Ads by Google Ads by Google

Talavalu and Segaula first of Team American Samoa off to Games

The American Samoa national rugby 7s men’s team
First the Olympic Qualifiers in Australia; second the 17th Pacific Games

Pago Pago, AMERICAN SAMOA — Team American Samoa’s first sports teams for the upcoming 17th Pacific Games in the Solomon Islands left the Territory on Sunday.

This is because the men’s Rugby Sevens team the Talavalu and women’s team the Segaula, will be competing in the Oceania Rugby Sevens Olympic Qualifiers in Brisbane, Australia to be held on November 10-12, then the teams will join the rest of Team American Samoa in the Solomons for the Pacific Games.

Last Saturday, the American Samoa Rugby Association (ASRU) hosted a farewell dinner at the Good Vibes Restaurant in Tafuna to officially send off the two teams.

The teams comprising local and off-island players recruited by ASRU, received words of wisdom   and encouragement, blessings and good wishes from a representative of the many parents who were present, and sound advice from ASRU President Falefata Moli Lemana, who reminded them that they will be representing the government and people of American Samoa.

“Remember, wherever you go, just remember that you carry on your shoulders your parents and aiga’s name, your village, your government and the name of American Samoa,” Falefata reminded. “Your character speaks volumes of who your are and where you come from. So please, always be on your best behavior.“

He also acknowledged with thanks the off-island players who answered ASRU’s call for assistance because of the lack of eligible local players to make up the teams for Brisbane, Australia.

“You heard our call for assistance and you responded even though you had to pay your own airfares to get here,” the ASRU president acknowledged. “I take my hat off to you because without you, we wouldn’t be able to compete in Brisbane. Thank you very much.”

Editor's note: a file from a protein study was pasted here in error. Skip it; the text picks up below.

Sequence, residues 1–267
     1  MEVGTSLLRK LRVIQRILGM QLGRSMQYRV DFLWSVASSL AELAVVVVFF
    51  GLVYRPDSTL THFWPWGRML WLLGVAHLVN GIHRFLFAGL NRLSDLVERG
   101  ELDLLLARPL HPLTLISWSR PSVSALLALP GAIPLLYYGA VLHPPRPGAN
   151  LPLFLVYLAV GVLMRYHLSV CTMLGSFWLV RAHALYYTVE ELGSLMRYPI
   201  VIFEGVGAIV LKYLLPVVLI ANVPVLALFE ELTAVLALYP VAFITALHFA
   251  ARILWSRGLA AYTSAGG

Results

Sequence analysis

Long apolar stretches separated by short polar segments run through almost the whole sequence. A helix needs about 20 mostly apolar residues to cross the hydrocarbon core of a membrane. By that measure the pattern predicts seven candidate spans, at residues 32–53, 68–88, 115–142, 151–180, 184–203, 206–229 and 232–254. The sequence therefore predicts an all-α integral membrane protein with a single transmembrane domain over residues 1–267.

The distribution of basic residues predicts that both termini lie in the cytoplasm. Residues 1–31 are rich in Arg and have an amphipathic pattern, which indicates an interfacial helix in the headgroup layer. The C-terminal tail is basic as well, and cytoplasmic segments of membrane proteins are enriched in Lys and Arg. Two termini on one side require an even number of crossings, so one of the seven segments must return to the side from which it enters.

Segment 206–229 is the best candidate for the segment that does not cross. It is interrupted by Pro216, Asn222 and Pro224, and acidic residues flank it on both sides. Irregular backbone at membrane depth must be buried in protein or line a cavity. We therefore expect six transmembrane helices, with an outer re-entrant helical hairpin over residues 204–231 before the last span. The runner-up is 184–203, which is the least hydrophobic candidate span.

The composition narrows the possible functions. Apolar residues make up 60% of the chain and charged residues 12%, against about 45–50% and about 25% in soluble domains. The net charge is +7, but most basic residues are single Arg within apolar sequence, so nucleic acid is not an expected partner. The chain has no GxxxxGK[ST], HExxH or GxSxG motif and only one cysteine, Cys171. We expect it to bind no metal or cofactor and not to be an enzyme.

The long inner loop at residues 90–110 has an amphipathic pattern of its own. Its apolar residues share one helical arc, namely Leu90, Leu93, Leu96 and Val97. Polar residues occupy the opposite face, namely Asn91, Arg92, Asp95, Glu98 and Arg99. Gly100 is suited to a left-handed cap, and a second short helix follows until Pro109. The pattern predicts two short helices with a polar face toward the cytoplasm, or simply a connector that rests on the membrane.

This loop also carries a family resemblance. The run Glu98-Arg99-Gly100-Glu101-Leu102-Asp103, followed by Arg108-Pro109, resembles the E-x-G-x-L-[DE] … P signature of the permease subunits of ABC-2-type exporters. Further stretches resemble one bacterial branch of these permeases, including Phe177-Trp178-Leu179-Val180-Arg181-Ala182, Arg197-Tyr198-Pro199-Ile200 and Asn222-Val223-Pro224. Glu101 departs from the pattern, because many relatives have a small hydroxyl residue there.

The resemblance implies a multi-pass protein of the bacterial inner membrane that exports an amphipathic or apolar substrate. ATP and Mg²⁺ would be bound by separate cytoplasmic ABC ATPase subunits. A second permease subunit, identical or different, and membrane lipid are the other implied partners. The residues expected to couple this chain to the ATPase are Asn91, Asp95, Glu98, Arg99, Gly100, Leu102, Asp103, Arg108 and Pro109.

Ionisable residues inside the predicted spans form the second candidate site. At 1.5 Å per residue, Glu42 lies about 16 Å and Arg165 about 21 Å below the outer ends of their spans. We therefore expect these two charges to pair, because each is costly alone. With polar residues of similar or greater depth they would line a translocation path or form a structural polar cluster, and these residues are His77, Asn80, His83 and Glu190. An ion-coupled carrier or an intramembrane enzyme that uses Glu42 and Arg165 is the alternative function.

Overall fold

Falefata also acknowledged with thanks the and support sponsorship of various companies who funded the teams’ play, traveling and formal uniforms.

They include Ford, Minks Refrigeration, Silva Construction, Willis Construction and Logoitau Mark Atafua.

He also acknowledge the monetary assistance from the American Samoa Government of $20,000, which has helped a lot in funding the team’s trip.

Like FIFA (the world governing body of soccer) regulations which stipulate that all members of the different countries’ national teams must hold that country’s passport, the Olympic Games are the same which is why only US passport holders can play in the team that is competing in Brisbane, Australia.

However, the Pacific Games regulations are more flexible and they allow players who have resided in a particular country for a certain period of time, to represent that country in sports.

Hence, four players for the men’s team and five for the women’s team, all who are not US passport holders, will be traveling with the rest of Team American Samoa to the Pacific Games.


According to the men’s head coach Fata Jioko Asotau he is happy with his local players’ level of fitness and skills and is optimistic that their performance will be boosted by the four players they managed to recruit from off-island, who have been competing at a much faster pace of the game in the more competitive leagues they have been playing in.

Unlike the national men’s soccer team who are all Samoan except for one player of Korean descent, the men’s rugby sevens team, Talavalu, is a melting pot of different ethnicities.

Two players, Joe and Riko Koroiadi are part Fijian, part Samoan, their father being Fijian and mother Samoan. Joe was born in Fiji and his younger brother Riko was born in the Territory, so he left with the team for Brisbane, while Joe will be leaving with the rest of Team American Samoa for the Pacific games next week.